I usually go to my local hospital, South Nassau Communities, to visit a sick friend, use the emergency room or have a procedure. So, it was a pleasant change to attend the Fair Media Council’s Future of Communications Summer Boot Camp, held Friday, July 26, in South Nassau’s conference center.
It was a morning of networking with other communicators and listening to experts discuss the changing media landscape and how their organizations are responding. What struck me was how media companies are adapting strategies used during the cable TV boom to the new technologies.
Steve Rubel, Edelman’s chief media ecology officer, described how usage of digital media has evolved from browsing, searching and social to a new phase he calls direct. “People are picking three to five brands they have relationships with and are willing to pay for,” he said, adding that media companies need to “super serve” these audiences in order to get people to pay through their time.
“Be focused on loyalty to and sustainability of the business,” he said. “You can’t be all things to all people, but you can serve niches.”
Sound familiar? I covered the cable TV industry in the 1980s. Back then, cable companies were building out systems in the suburbs and large cities, and programmers were taking on the big three broadcast networks by launching new all-sports, all-news and all music channels.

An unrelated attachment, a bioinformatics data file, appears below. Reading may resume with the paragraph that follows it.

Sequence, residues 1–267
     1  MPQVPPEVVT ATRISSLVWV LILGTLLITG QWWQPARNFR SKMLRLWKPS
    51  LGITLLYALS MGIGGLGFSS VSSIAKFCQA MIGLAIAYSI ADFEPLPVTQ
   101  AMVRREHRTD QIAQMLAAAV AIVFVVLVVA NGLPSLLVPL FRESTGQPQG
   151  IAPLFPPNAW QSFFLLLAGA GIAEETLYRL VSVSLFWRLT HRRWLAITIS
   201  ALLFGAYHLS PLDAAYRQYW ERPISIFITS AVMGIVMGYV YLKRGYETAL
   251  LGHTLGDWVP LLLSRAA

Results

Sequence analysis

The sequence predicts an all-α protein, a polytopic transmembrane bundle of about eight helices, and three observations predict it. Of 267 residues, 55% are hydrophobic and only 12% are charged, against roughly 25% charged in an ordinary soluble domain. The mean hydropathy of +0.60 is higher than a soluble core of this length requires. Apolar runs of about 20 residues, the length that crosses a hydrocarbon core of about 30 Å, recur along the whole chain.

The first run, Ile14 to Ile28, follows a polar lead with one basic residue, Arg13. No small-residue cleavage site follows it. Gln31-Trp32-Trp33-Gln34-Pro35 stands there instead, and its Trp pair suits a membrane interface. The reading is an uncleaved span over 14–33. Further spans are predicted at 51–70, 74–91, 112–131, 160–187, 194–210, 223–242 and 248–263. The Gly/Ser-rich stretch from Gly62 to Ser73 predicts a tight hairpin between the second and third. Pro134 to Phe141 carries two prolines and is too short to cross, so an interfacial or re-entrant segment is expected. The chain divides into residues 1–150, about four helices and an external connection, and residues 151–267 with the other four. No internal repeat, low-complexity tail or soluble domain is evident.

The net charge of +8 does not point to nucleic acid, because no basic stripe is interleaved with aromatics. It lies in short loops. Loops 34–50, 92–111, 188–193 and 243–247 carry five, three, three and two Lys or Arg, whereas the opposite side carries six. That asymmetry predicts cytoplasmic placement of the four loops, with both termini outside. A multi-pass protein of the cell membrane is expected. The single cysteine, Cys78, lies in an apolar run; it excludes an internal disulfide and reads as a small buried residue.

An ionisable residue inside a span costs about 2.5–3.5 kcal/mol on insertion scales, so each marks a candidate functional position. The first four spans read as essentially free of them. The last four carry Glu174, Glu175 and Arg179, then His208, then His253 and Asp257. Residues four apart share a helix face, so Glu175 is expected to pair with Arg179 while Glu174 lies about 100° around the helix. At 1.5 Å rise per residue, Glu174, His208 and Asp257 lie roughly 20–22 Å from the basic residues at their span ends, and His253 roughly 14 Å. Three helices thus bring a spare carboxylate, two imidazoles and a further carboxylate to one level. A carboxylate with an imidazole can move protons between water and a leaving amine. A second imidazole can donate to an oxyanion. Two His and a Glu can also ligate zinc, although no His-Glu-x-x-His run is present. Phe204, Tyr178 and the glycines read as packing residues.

The strategy worked. Within a few years, more than half of all U.S. households were hooked up and the fledgling cable networks started making money.
Rubel said media companies could succeed in niches with original content, targeting vertical market, promoting their expertise and having impact in the greater community (moving markets, changing behaviors). Opportunities could be found by targeting three P’s: Purpose (parenting, the environment), Passion (hobbies, sports) or Profession, he added.
What is different today is that a media company cannot rely on one medium alone to develop an audience. They, as well as marketers, must develop multi-platform strategies so they can meet the consumer where he or she can be found in a format that appeals to them.
“TV stations are becoming multimedia,” said Manoj Shamdasani, vice president, news development, at News 12 Networks. “We no longer have a pay wall except for our live feed. We are using all means to get people to News 12.”
Toward that aim, News 12 uses: linear channels that just provide traffic and weather; native media, which includes mobile phone apps; social media; over-the-top (OTT) media streaming services like Roku and Amazon Fire; third-party distributors, and podcasts.
Long Island’s PBS affiliate, WLIW-TV, recently launched a narrowcast service called “All Arts” that offers both new national and local arts programming plus older programs from PBS brands such as “Great Performances” and “American Masters.” Its distribution system includes OTT services, a separate website, social media, a newsletter and an app.
“We have to be everywhere to reach our audience,” said Diane Masciale, WLIW/WNET vice president and general manager. “Everything has to have a home on one of our platforms.” For example, viewers 65+ tend to watch on broadcast while the 35-55 age group favors OTT services and apps.
Social media sites appeal to different demographic groups, as well, she said. YouTube does best for the 18-24 age group, Instagram for the 25-34 demo and Facebook for older views.
“The principals are not different from vertical programming on narrowcast channels,” she added. “Everything old is new again.”